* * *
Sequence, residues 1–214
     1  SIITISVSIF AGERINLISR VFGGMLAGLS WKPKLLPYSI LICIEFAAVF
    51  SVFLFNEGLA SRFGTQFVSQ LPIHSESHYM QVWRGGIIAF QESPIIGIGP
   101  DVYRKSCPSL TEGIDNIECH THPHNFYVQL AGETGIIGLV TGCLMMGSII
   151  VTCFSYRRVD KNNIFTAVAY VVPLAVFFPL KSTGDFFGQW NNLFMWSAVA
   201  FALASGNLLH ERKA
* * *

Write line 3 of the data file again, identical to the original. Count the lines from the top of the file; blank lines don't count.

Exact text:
    51  SVFLFNEGLA SRFGTQFVSQ LPIHSESHYM QVWRGGIIAF QESPIIGIGP